The metaphor of the “seeker” is another Sufi theme that is continuously present in the narrative of the characters. However, the novel presents a different view of the Sufi world by telling the story of the Mahdiyya Movement. In a lot of ways, the character Al-Hassan Al-Grifawy exposes the contradictions of a movement that claimed to be spiritual. When he arrests Bakheet Mandil after he killed the fifth person involved in Theodora’s murder, he decides not to kill him immediately. He gives his orders to his men to move to the city of Musalamiyah. In the meantime, he starts an eye-opening conversation with Bakheet in an attempt to understand what made him kill.
Bakheet’s story reflected the doubt Al-Grifawy had in his heart. Like him, he set on a path of love but ended up in a world of hatred, betrayal and vengeance. He asks himself: “Was it the path of God or was it an illusion?”
He remembers when he left his wife Fatima behind and divorced her to join the Mahdi’s army. He told her: “God called me, O Fatima. Don’t you see what plagued religion? Times have changed. Earth is filled with injustice. The Turk, the infidels, changed the religion of Allah and humiliated the pious. Am I not supposed to answer the call of God and His Messenger if they invite me to what gives me life?”
Ziada manages in the novel to tell the stories of the marginalised. He says: “History usually only tells us the stories of the elite and fails to tell us what happened to the many marginalised characters who found no one to tell their stories.”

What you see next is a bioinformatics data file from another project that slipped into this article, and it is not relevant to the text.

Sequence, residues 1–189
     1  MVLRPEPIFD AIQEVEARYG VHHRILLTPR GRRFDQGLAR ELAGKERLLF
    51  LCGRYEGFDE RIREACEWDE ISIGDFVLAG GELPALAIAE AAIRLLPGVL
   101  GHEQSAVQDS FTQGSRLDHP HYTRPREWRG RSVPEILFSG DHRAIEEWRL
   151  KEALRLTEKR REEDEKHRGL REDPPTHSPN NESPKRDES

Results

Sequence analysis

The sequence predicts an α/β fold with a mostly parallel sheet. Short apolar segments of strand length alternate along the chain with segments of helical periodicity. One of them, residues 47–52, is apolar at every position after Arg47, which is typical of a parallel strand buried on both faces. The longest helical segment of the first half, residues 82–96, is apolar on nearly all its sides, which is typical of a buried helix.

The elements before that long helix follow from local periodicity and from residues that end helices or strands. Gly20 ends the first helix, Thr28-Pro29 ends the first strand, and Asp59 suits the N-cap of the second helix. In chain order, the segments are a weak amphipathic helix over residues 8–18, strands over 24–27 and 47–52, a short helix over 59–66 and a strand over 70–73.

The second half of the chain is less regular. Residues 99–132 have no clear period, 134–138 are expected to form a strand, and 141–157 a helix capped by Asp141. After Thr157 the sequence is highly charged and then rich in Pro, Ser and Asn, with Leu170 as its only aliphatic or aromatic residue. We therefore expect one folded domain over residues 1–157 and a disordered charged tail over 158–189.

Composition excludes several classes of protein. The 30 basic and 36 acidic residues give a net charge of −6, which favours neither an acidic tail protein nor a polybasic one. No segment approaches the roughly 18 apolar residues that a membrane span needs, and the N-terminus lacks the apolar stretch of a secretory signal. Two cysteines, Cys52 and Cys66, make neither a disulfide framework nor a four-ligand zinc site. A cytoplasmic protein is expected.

He creates their world and exposes their oppression. According to him, they are oppressed not only because of the general atmosphere of defeat of the Mahdist state, but they are oppressed because of their own self-defeat. That is why the novel is the narration of both the physical and spiritual journeys of the main characters.
Ziada is a Sudanese writer and journalist, born in 1977 in the old city of Omdurman, the cradle of the Mahdiyya Movement. Despite his upbringing in a city that revered the Mahdi, Ziada chose to narrate a story that exposed the violence and contradictions of that historical era. He explains “I am not a Sufi, but I do not wage a war against Sufism. I only handle it with a critical view.”
Ziada now resides in Egypt. He worked as a journalist for a number of Sudanese newspapers, including Al-Mustaqilla, Ajras Al-Hurriya, and Al-Jarida. He was Chief Editor of the cultural section of the Sudanese Al-Akhbar newspaper. His first novel “Al-Kong” was published in 2010. He also published tow collections of short stories: “An Omdurman Biography” (2008) and “Sleeping at the Foot of the Mountain” (2014).